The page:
5. Now only subset B is excluded. We want to change the filter to INCLUDE and add A to the list. Use the CHANGE_TO_INCLUDE_MODE specifying
    subset A.

Multicast router operation

When a host attempts to join a group, multicast routers on the subnet receive the membership report packet and create an entry in their local group database. This database tracks the group membership of the router’s directly attached networks.

Each entry in the database is of the format [group, attached network]. This indicates that the attached network has at least one IP host belonging to the group. Multicast routers listen to all multicast addresses to detect these reports.

The information in the local group database is used to forward multicast datagrams. When the router receives a datagram, it is forwarded out each interface containing hosts belonging to the group.

To verify group membership, multicast routers regularly send an IGMP query message to the all hosts’ multicast address. Each host that still wants to be a member of a group sends a reply. RFC 3376 specifies this verification should by default occur every 125 seconds. To avoid bursts of traffic on the subnet, replies to query messages are sent using a random delay. Because routers do not track the number of hosts in each group, any host that hears another device claim membership cancels any pending membership replies. If no hosts claim membership within the specified interval, the multicast router assumes no hosts on that network are members of the group.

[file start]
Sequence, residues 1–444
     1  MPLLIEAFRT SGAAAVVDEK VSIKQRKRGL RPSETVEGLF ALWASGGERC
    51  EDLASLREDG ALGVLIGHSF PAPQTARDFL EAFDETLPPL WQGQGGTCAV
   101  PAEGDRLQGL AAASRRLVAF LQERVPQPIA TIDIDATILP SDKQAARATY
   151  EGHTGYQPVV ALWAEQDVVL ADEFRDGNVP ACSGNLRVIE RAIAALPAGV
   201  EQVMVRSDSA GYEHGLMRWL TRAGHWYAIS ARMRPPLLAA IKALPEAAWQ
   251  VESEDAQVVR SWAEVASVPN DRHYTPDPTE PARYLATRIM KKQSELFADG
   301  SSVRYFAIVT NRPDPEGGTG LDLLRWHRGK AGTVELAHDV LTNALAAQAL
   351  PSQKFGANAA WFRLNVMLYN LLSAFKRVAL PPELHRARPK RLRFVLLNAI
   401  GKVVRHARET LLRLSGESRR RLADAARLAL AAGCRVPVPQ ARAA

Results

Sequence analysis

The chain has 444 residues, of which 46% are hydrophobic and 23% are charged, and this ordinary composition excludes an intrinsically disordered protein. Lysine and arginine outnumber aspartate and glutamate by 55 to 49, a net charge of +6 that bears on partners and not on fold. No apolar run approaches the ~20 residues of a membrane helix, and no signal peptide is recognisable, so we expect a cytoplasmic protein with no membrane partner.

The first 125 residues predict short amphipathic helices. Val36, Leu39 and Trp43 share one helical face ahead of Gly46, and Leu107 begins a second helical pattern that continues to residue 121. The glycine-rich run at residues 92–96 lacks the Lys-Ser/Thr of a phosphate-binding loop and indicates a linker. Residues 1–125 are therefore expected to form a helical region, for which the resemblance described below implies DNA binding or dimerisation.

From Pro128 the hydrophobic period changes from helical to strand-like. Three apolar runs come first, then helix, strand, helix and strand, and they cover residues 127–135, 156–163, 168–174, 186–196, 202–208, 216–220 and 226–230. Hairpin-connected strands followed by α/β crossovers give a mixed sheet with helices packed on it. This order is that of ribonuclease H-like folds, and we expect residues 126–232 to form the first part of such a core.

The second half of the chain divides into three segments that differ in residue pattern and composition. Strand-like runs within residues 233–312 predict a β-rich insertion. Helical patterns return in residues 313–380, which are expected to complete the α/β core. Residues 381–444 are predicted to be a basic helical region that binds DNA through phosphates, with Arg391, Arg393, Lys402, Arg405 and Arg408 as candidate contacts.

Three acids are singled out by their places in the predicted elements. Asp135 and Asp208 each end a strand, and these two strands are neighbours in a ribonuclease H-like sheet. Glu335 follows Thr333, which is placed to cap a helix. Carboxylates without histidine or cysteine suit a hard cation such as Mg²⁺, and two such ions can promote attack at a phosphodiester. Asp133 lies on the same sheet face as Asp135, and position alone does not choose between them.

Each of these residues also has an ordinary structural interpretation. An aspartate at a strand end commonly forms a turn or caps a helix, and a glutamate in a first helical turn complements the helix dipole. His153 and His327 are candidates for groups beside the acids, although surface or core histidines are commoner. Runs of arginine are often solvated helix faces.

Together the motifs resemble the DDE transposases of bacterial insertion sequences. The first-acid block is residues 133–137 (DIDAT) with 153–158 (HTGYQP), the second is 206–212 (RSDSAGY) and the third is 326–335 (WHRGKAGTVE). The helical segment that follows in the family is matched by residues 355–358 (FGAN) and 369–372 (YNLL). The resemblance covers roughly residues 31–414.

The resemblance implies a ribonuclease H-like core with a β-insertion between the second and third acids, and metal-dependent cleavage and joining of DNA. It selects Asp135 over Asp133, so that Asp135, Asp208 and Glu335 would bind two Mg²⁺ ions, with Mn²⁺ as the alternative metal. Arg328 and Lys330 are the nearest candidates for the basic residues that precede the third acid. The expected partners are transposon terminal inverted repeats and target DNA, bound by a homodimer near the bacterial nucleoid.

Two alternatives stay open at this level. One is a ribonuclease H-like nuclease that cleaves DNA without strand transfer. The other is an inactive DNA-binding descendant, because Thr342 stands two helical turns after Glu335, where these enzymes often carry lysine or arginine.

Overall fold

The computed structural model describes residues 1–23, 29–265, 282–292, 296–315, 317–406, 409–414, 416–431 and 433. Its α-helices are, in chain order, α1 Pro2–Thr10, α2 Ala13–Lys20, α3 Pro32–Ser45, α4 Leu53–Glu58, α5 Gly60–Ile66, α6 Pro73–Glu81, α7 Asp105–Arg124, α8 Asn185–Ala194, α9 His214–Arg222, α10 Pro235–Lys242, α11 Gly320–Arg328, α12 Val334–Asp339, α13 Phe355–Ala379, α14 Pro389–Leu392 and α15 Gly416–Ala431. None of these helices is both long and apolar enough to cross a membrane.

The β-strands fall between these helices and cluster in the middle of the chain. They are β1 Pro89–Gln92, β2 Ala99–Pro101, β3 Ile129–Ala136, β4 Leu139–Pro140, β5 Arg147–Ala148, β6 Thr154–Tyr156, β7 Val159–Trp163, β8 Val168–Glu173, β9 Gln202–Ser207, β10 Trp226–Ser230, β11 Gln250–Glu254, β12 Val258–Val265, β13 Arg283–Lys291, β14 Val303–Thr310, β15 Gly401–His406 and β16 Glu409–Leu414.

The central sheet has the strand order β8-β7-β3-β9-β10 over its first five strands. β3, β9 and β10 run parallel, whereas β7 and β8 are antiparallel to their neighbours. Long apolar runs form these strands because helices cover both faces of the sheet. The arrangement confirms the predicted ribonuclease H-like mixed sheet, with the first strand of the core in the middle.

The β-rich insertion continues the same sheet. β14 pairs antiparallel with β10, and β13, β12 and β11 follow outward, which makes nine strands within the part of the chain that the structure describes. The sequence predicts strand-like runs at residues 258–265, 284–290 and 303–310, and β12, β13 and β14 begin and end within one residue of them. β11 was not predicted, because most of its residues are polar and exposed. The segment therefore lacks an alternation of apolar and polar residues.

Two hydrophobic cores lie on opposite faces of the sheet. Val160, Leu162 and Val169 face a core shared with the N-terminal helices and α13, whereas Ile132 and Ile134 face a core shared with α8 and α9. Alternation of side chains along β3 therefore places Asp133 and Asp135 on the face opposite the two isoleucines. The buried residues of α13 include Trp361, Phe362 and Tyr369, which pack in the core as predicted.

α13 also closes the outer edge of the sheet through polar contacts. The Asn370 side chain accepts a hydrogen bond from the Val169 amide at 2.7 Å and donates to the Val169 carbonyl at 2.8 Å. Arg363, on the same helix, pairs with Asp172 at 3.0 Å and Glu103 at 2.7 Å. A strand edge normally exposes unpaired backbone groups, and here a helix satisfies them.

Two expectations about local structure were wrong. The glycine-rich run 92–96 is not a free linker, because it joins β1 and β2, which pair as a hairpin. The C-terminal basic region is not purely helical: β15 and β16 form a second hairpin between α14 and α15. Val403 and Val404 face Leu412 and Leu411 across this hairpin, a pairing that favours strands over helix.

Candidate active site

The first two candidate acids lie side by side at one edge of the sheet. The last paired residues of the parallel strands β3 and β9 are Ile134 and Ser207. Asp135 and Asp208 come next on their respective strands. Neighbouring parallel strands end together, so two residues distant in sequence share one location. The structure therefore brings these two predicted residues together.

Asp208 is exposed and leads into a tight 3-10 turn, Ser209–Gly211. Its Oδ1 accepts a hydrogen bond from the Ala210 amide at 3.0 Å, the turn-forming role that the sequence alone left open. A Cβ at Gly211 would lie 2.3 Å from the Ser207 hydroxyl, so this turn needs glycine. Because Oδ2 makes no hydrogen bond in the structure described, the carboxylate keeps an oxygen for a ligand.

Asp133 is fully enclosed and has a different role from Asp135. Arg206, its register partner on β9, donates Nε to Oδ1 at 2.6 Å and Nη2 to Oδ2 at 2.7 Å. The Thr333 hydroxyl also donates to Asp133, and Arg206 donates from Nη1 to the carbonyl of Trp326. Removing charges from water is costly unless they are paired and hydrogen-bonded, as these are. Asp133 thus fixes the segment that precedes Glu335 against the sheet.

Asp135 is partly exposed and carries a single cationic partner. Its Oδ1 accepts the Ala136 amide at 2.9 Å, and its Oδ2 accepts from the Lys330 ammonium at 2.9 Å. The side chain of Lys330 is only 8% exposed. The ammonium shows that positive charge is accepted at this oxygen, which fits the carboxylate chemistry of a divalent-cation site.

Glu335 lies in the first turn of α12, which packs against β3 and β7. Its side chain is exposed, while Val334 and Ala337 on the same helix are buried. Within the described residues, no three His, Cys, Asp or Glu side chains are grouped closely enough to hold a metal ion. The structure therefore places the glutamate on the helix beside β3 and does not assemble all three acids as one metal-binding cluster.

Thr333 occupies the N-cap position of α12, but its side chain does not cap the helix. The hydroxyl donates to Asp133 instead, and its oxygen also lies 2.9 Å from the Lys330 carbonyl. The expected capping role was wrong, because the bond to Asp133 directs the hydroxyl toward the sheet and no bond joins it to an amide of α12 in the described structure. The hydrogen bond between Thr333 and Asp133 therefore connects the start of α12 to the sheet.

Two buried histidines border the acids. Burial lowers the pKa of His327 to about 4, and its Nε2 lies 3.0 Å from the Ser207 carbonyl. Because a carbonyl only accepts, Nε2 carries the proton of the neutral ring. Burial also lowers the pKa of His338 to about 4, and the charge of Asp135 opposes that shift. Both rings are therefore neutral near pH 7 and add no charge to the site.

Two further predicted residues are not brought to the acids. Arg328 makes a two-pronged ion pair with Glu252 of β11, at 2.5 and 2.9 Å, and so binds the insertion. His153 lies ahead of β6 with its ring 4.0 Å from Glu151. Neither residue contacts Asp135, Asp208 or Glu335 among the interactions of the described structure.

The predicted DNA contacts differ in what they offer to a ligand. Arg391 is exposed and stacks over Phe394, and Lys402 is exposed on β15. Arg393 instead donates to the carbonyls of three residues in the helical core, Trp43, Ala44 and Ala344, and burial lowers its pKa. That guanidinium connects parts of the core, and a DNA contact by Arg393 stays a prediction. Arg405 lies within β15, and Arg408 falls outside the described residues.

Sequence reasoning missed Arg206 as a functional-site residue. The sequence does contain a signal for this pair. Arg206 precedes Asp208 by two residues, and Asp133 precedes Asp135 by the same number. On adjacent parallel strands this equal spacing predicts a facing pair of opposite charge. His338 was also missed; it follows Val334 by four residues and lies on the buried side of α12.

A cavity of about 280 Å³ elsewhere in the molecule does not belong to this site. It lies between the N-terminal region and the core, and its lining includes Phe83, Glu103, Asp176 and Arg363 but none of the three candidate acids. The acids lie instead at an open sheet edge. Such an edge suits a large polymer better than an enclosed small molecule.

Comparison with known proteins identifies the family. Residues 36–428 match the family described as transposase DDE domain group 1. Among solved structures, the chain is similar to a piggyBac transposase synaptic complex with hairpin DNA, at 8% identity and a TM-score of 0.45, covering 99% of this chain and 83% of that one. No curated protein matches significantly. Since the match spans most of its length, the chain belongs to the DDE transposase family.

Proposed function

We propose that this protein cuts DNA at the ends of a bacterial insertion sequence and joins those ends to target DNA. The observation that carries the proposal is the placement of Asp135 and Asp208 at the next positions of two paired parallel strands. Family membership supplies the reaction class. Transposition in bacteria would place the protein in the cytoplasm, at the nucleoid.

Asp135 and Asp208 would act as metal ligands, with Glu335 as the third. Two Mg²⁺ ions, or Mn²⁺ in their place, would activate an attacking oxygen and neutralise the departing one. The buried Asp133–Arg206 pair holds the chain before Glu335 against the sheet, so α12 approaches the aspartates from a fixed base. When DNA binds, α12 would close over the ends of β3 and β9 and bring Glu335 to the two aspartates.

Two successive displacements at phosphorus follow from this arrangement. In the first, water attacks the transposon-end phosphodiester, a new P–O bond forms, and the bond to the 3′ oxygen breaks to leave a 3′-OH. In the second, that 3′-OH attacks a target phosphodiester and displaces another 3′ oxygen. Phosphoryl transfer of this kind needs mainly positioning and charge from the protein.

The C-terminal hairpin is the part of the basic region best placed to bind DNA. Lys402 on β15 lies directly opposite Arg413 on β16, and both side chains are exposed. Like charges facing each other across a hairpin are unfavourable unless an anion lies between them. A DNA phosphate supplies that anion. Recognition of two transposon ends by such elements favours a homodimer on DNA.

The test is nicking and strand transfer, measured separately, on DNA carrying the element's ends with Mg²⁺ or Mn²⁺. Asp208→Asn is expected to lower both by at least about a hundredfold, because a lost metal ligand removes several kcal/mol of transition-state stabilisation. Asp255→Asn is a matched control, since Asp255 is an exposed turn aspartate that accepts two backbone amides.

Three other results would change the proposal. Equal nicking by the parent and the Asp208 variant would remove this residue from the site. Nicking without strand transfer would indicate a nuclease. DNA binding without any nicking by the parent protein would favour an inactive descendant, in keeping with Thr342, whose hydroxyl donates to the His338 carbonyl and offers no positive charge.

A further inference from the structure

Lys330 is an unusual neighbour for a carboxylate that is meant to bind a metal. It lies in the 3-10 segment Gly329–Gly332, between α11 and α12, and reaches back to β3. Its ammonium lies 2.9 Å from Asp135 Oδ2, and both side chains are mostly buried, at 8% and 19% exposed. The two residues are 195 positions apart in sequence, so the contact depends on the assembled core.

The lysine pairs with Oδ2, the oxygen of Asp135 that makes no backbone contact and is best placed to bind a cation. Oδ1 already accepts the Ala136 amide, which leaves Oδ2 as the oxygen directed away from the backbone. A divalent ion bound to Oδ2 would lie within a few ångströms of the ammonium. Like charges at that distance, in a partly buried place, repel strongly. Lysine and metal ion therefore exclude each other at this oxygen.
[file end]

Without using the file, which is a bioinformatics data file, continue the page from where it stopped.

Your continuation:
IGMP snooping switches

One potential problem when implementing IGMP is the flooding of a network segment with multicast packets, even though there might not be any nodes on that segment that have any interest in receiving the packets. Although the amount of processing involved in receiving these packets presents no significant cost, the flooding of these packets does have the potential to waste bandwidth.

This problem is documented in RFC 4541Opens in a new tab., which provides recommendations and suggested rules to allow network switches to “snoop” on IGMP traffic. By doing so, switches can analyze the data contained within the IGMP header and determine if the traffic needs to be forwarded to every segment to which the switch is connected. By doing this, switches can reduce the amount of unnecessary IGMP traffic flooding uninterested networks, thereby reserving the segment’s bandwidth for the traffic with which the hosts on those networks are concerned.

References